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April 26, 2004.


The opinion of the court was delivered by: ROBERT SWEET, Senior District Judge


Robert Abrahamson ("Abrahamson") has moved pursuant to 28 U.S.C. § 2255, alleging that the Court erred in sentencing him to penalty of restitution and to a term of supervised release, and that the criminal conspiracy statute under which he pled guilty is unconstitutional. For the reasons set forth below, the petition is denied.

Prior Proceedings

  On April 3, 2002, Abrahamson pleaded guilty to one count of conspiracy to commit securities fraud, mail fraud and wire fraud in violation of 18 U.S.C. § 371 and one count of securities fraud in violation of 15 U.S.C. § 78j(b) and 78ff; 17 C.F.R. § 10b-5. Abrahamson's offense conduct is described in detail in United States v. Abrahamson, 02 Cr. 366, 2002 WL 31255329 (S.D.N.Y. Oct. 8, 2002). On October 24, 2002, Abrahamson was sentenced by this Court to 16 months imprisonment, to be followed by three years of supervised release on each count, running concurrently. Abrahamson was also ordered to make restitution to the victims of the fraud "in the amount of $420,000, except that no further payment shall be required after the sum of the amount paid by all defendants has fully covered all of the compensable injuries." Id. at *6. Abrahamson has now served his sentence of incarceration, having been released on February 5, 2004. Abrahamson filed the instant petition, pro se, on June 25, 2003. After a scheduling order and appropriate filings, the motion was deemed fully submitted on February 18, 2004.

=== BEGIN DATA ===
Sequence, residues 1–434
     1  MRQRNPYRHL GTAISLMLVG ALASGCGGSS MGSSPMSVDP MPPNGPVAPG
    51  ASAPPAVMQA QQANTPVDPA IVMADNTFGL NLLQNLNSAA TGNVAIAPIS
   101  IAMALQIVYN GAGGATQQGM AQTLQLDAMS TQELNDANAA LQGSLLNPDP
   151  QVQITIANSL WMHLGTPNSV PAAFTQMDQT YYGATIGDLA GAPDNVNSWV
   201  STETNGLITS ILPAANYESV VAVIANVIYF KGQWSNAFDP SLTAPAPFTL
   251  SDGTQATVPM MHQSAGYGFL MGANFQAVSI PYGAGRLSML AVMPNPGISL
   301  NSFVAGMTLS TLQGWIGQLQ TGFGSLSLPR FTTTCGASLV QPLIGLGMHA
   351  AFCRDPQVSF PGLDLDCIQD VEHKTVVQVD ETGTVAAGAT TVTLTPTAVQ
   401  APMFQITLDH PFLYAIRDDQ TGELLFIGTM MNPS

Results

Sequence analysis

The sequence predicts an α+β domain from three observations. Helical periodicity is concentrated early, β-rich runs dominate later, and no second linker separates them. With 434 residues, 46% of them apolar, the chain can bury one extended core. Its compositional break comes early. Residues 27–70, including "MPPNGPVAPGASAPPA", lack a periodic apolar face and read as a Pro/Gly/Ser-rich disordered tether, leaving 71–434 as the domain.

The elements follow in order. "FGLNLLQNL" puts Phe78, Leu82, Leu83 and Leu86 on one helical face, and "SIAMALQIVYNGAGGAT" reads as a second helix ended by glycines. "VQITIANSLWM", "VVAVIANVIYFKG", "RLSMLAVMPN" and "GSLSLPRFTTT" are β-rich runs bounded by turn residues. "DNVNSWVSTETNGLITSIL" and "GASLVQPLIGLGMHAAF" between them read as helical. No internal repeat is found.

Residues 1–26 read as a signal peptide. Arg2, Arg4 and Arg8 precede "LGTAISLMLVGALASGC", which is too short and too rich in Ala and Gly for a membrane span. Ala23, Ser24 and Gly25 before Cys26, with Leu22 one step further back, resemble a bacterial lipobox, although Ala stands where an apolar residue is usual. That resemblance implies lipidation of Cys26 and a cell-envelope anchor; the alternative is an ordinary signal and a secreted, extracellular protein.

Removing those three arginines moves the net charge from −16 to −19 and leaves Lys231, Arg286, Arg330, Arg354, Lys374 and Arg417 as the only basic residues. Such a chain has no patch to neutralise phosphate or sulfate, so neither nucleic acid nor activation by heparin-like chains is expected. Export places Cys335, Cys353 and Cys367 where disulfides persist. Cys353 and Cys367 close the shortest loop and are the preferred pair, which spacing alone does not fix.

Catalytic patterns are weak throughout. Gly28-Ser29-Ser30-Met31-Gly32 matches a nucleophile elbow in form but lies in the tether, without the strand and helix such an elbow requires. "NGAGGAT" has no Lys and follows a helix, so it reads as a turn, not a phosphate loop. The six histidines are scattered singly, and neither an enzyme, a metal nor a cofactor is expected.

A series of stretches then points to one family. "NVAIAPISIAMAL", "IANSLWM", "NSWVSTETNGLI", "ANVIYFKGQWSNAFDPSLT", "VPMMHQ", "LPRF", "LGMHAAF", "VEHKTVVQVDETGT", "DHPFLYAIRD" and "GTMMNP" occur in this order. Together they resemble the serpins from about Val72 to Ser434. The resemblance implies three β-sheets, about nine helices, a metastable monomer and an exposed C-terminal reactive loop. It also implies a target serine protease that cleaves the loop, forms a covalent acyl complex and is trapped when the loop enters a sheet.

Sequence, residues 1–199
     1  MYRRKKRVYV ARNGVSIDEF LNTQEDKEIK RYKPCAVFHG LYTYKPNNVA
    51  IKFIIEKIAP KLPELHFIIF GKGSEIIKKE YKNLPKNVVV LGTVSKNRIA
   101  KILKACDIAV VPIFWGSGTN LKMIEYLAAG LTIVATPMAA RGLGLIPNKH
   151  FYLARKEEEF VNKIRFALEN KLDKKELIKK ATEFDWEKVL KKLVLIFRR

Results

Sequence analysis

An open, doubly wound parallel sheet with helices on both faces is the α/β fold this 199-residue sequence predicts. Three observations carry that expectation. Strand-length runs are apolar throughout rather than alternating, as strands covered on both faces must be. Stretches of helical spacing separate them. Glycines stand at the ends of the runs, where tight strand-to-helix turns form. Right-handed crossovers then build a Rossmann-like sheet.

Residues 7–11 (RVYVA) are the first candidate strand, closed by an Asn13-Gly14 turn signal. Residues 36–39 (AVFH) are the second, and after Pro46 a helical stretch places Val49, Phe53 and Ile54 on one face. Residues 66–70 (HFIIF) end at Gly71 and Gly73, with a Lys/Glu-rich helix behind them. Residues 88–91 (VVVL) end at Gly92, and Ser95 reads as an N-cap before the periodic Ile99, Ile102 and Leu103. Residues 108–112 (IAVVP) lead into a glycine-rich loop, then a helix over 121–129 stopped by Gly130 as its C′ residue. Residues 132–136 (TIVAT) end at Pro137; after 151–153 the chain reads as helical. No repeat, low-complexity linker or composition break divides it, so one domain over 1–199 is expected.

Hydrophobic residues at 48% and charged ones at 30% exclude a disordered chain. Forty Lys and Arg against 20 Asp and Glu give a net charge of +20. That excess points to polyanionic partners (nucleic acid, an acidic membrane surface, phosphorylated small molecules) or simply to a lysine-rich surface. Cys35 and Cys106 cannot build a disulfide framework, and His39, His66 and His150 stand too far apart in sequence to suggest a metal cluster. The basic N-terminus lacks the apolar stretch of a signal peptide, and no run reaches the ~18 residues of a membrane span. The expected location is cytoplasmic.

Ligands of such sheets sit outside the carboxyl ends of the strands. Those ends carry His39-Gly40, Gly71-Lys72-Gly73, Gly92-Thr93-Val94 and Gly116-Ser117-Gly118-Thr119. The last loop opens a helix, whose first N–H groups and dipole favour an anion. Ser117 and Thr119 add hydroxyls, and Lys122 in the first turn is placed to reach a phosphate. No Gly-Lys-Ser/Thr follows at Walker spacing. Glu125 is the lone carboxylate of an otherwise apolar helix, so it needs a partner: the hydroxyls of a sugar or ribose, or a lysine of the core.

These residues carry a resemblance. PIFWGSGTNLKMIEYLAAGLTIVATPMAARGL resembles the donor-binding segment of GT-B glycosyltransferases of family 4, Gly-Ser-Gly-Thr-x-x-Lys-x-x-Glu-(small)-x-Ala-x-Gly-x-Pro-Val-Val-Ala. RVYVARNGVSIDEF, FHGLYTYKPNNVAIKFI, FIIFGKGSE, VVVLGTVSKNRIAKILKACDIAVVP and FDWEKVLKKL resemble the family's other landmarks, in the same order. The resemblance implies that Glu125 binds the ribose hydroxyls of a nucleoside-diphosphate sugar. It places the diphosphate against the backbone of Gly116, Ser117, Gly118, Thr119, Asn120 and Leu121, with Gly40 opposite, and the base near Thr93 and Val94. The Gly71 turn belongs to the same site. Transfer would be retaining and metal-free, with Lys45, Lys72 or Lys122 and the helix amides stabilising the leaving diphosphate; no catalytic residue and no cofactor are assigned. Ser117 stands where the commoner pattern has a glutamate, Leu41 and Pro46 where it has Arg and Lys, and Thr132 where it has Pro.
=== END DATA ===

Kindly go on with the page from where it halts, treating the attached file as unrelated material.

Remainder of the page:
In addressing the present motion, the Court is mindful that Abrahamson is proceeding pro se and that his submissions should be held "`to less stringent standards than formal pleadings drafted by lawyers. . . .'" Hughes v. Rowe, 449 U.S. 5, 9 (1980) (per curiam) (quoting Haines v. Keener, 404 U.S. 519, 520 (1972)); see also Ferran v. Town of Nassau, 11 F.3d 21, 22 (2d Cir. 1993). Indeed, district courts should "`read the pleadings of a pro se plaintiff liberally and interpret them to raise the strongest arguments they suggest.'" McPherson v. Coombe, 174 F.3d 276, 280 (2d Cir. 1999) (quoting Burgos v. Hopkins, 14 F.3d 787, 790 (2d Cir. 1994)). Nevertheless, the Court is also aware that pro se status "does not exempt a party from compliance with relevant rules of procedural and substantive law." Traguth v. Zuck, 710 F.2d 90, 95 (2d Cir. 1983) (quotations omitted).

  As an initial matter, the government responded to Abrahamson's petition in a timely manner. The Court's 60 day extension of the August 18, 2003 deadline created a new deadline of October 17, 2003, which was the day the government submitted its response. According to the government, Abrahamson's claims are procedurally barred because he failed to raise them on direct appeal. In addition, Abrahamson entered into a plea agreement in which he waived his right to appeal the sentence or to file a § 2255 petition. See United States v. Abrahamson, 02 Cr. 366, Transcript, April 3, 2002, at 12-13. Abrahamson indicated at his guilty plea proceeding that he understood that he had waived this right. Id.